Well, we can all look forward to having President Bush shower the people who live in the picturesque hills, valleys, and forests of Southern California with our hard-earned tax dollars. Why should we have to rebuild their communities? Why do we continue to allow communities to be built/rebuilt in areas that are clearly highly susceptible to natural disasters? It's no secret. Everyone knows these areas will burn. Everyone knows New Orleans will flood again. But yet we allow, even encourage, rebuilding in these areas at the same time we know that lives will be lost and billions of dollars of property destroyed. If people are intent on risking their lives and property in exchange for the benefit of living in a wonderful climate with beautiful surroundings, so be it. But why should we, who choose to live in a safe, but not so pretty flatland environment, be obligated to subsidize others' risky choices?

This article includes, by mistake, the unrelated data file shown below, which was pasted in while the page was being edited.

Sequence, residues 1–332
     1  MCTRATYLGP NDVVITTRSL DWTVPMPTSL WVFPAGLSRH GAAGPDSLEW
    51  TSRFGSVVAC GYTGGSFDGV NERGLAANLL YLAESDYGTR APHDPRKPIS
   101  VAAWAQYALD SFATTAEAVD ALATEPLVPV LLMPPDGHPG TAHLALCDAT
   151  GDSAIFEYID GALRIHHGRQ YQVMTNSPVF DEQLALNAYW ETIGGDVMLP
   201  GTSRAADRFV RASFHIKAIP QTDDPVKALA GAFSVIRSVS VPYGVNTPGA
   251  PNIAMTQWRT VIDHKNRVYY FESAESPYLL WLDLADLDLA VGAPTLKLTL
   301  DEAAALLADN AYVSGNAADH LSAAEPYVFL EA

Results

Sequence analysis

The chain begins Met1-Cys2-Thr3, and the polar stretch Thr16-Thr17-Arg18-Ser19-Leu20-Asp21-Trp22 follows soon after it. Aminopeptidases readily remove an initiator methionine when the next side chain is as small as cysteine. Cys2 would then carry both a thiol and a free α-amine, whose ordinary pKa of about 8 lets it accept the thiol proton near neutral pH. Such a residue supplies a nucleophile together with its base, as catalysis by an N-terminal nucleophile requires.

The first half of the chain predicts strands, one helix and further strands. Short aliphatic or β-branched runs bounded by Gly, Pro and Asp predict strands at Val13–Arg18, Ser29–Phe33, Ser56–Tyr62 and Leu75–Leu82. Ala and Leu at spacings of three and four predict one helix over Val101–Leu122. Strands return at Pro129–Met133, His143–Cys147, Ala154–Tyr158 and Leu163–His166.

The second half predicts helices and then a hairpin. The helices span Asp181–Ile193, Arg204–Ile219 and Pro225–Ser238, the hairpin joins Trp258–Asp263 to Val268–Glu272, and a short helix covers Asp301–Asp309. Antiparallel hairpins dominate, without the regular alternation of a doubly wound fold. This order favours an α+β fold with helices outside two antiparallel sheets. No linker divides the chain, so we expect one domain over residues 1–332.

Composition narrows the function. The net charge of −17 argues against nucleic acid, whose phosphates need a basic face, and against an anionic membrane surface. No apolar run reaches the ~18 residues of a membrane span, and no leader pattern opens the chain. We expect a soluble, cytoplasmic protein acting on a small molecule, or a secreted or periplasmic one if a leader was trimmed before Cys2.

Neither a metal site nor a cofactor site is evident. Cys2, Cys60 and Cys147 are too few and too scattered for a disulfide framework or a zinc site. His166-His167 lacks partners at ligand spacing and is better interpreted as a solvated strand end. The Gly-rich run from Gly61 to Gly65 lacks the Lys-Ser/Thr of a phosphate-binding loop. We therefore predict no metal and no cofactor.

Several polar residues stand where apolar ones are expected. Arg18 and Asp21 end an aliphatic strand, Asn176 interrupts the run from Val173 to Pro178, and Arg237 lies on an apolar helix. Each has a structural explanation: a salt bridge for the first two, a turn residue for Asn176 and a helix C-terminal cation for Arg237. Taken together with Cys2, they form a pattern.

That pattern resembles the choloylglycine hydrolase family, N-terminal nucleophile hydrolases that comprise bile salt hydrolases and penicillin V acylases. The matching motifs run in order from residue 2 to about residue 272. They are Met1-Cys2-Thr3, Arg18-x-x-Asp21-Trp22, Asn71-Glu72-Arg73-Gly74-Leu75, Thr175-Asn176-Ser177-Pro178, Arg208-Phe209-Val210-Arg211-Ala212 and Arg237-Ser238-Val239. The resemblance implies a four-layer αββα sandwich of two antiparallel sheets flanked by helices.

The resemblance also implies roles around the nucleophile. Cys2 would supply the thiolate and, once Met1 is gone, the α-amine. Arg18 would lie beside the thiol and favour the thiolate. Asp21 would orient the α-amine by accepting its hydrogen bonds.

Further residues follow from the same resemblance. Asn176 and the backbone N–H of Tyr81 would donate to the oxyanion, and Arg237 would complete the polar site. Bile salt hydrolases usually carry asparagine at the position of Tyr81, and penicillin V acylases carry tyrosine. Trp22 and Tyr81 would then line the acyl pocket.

Does sprawling low-density development play a key role in the loss of lives and property? Could a wildfire actually devour a higher-density urban development, or is it only because of the relative sparseness of buildings, likely imposed by zoning ordinances, in these outlying areas that allows the fires to continue devour everything in their path. Rather than spreading homes throughout such a large area, would not a more concentrated area of development be much less susceptible to fire, and also better equipped through public water lines, to suppress such a fire?